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In Germany – where foreign sounds were all the rage – Italian singers such as Mina and Rita Pavone had been taken to the country’s collective bosom. So it was probably only a matter of time before new Italian star Wilma Goich was asked to record specifically for the German market. Dream love was penned by established writers Henry Mayer and Kurt Hertha. Our guess is that they had been listening to The Supremes’ Where did our love go immediately before they sat down to write this track, but we don’t mind. (If you like the sound of this, check back next month when we’ll publish a full profile of Wilma Goich with lots more great sound clips.)
Chasing my dream all over town
Jenny Wren was the stage name of Dudley schoolgirl Jenny Allen. She got her big break when she was spotted by Fontana A&R man Jack Baverstock. As a result, she was offered a contract with the label in 1965. This single, issued in 1966, failed among the plethora of records coming out at the time, though the young singer did get to appear on stage with Manfred Mann and Wayne Fontana. The record has since found favour on Britain’s northern soul scene, and a mint copy now commands over £300. (Those with less cash to flash will be pleased to know it is available much more cheaply on the CD The girls are at it again, which is available from Amazon and others.)
Rien qu’une fille
It takes a brave woman to take on an Aretha Franklin track. But France’s Séverine did just that with the US star’s Natural woman – and pulled it off convincingly. She’d already proved herself quite the determined singer, after surviving a short-lived contract with Vogue under the name Céline. She landed a new recording deal in 1969, with Philips, and our choice is taken from her debut disc for the label. The highlight of her career came in Dublin in April 1971, when she won the Eurovision song contest with the beautiful Un banc, un arbre, une rue. The song became a hit across Europe and launched a brief run of successes in France and a longer and more lucrative career in Germany.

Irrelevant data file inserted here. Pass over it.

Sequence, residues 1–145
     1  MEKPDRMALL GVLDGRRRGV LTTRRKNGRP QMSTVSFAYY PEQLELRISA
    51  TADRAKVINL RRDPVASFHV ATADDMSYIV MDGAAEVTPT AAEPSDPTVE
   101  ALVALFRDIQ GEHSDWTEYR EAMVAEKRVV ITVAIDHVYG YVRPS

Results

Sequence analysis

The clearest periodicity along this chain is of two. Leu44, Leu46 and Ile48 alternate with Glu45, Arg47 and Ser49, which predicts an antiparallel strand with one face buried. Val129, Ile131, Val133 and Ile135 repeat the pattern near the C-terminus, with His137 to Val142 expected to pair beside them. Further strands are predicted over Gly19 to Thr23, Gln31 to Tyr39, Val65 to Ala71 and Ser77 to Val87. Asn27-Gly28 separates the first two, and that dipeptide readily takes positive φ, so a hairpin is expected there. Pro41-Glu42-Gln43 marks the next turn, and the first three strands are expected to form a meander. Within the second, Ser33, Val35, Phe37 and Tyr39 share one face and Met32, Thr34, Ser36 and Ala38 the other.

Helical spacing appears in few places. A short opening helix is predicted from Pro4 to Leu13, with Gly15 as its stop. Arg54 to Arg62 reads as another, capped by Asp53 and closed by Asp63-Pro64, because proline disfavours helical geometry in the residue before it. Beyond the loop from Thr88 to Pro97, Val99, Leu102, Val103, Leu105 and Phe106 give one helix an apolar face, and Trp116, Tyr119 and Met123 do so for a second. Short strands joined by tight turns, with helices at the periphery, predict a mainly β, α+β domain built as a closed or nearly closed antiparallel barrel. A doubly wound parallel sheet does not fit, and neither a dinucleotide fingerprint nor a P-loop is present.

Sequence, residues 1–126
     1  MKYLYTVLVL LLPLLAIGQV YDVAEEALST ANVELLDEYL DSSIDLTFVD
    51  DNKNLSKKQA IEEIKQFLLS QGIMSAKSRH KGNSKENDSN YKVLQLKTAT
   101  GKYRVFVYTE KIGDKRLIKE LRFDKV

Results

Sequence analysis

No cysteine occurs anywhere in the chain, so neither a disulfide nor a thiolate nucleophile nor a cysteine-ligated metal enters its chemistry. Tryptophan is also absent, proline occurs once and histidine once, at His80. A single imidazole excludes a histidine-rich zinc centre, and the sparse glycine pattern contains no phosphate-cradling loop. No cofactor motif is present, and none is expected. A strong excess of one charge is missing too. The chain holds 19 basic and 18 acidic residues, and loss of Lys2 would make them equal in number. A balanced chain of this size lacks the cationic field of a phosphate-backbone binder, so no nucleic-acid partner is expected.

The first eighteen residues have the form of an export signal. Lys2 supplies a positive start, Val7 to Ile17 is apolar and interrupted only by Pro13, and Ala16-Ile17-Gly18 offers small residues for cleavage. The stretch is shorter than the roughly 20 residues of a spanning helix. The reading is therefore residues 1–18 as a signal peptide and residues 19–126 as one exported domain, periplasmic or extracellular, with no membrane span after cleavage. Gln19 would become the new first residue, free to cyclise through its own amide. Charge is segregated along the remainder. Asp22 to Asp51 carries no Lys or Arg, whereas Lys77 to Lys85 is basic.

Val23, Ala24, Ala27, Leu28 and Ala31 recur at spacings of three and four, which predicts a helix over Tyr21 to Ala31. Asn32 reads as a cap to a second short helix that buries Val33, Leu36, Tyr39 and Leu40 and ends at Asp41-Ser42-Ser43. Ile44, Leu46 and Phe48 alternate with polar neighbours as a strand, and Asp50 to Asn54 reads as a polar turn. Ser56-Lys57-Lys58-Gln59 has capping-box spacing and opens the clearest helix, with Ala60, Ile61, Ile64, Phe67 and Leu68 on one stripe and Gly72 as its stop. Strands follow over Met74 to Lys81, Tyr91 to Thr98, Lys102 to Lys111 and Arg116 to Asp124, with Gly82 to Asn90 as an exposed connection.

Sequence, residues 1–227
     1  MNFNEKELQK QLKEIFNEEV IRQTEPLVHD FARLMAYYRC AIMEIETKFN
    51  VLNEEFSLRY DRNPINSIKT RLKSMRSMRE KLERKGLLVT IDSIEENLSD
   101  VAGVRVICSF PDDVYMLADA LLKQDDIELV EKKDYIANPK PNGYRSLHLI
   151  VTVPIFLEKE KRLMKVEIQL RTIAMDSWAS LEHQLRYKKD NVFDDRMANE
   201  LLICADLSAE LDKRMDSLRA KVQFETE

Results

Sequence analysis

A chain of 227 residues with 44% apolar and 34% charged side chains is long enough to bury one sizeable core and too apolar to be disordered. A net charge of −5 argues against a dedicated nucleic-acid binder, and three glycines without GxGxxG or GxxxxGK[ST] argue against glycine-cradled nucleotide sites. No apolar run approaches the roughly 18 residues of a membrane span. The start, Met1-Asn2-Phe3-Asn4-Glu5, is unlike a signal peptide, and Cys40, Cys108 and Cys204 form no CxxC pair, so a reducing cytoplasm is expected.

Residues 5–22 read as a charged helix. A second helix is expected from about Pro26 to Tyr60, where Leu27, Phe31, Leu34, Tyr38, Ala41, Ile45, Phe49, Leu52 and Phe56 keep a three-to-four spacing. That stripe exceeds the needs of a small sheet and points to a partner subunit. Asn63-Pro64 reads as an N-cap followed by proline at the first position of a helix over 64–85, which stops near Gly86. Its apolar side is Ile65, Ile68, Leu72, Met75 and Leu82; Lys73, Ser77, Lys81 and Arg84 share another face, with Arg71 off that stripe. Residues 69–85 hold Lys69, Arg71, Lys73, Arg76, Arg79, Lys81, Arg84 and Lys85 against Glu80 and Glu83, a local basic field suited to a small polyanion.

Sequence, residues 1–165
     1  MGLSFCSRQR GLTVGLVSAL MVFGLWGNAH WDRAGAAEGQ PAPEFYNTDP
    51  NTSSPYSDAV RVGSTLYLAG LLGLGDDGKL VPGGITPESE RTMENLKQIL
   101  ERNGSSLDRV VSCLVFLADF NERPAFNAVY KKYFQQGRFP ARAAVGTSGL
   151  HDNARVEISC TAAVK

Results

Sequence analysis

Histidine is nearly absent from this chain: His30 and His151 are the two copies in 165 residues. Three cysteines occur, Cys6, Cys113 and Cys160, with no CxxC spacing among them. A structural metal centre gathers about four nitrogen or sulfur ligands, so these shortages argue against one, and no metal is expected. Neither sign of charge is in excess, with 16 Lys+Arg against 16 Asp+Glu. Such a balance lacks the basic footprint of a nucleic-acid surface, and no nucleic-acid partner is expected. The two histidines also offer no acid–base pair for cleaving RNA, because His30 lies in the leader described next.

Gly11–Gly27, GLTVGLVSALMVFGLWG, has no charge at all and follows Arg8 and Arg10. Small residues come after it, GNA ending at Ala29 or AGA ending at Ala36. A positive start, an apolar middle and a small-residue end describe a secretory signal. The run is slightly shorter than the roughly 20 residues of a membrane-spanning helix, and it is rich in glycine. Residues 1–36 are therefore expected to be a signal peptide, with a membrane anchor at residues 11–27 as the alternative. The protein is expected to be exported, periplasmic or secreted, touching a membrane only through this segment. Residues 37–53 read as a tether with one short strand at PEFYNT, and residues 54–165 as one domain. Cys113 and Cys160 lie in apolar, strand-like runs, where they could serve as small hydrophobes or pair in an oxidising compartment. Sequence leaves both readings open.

Nunca hay bastante
Between 1965 and 1968, Adriángela was one of the Zafiro label’s ye-yé darlings. Born María José Guillén Torres in Valencia in 1942, she joined Iberofón in 1961 and switched to EMI a year later before really finding her feet at Zafiro. Though she lacked the sex appeal – and success – of rival singers such as Karina or Rosalía, she managed to cut an impressive 12 singles and four EPs for the label. Our pick is from her third EP, issued in 1965. Brief stays at both Sintonía and Fidias at the end of the decade and into the 1970s failed to repeat her earlier success.
I’ve got a feeling
Cardiff girl Tawny Reed was pitched as the new Lulu by her record label, Pye. The gutsy-voiced 17 year old had been discovered by the same team who’d found Tom Jones. They introduced her to Tony Hatch, who dropped her backing group, The Flower Pot Men, when he whisked her off to London to record this track. It became the B-side of her take on Motown girl group The Velvelettes’ Needle in a haystack. The single was also released on New York’s legendary Red Bird label.
C’è tante gente
Meri Marabini fancied herself as pop’s answer to Cruella de Vil, judging by her hairdo. Perhaps hairdon’t would be the more appropriate term. Either way, if her intention was to stand out from the crowd, she achieved her aim, though it didn’t translate into record sales. Her debut disc, recorded at the age of 18, was a cover of the Beatles’ I need you, Mi manchi, with the Hollies’ You know he did, È proprio inutile, on the reverse. But the beat babe from Bologna is probably best known for Sono io la tua donna, her take on the Pretty Things’ Come see me. Our choice, though, is this, the B-side of her 1967 single Una voce.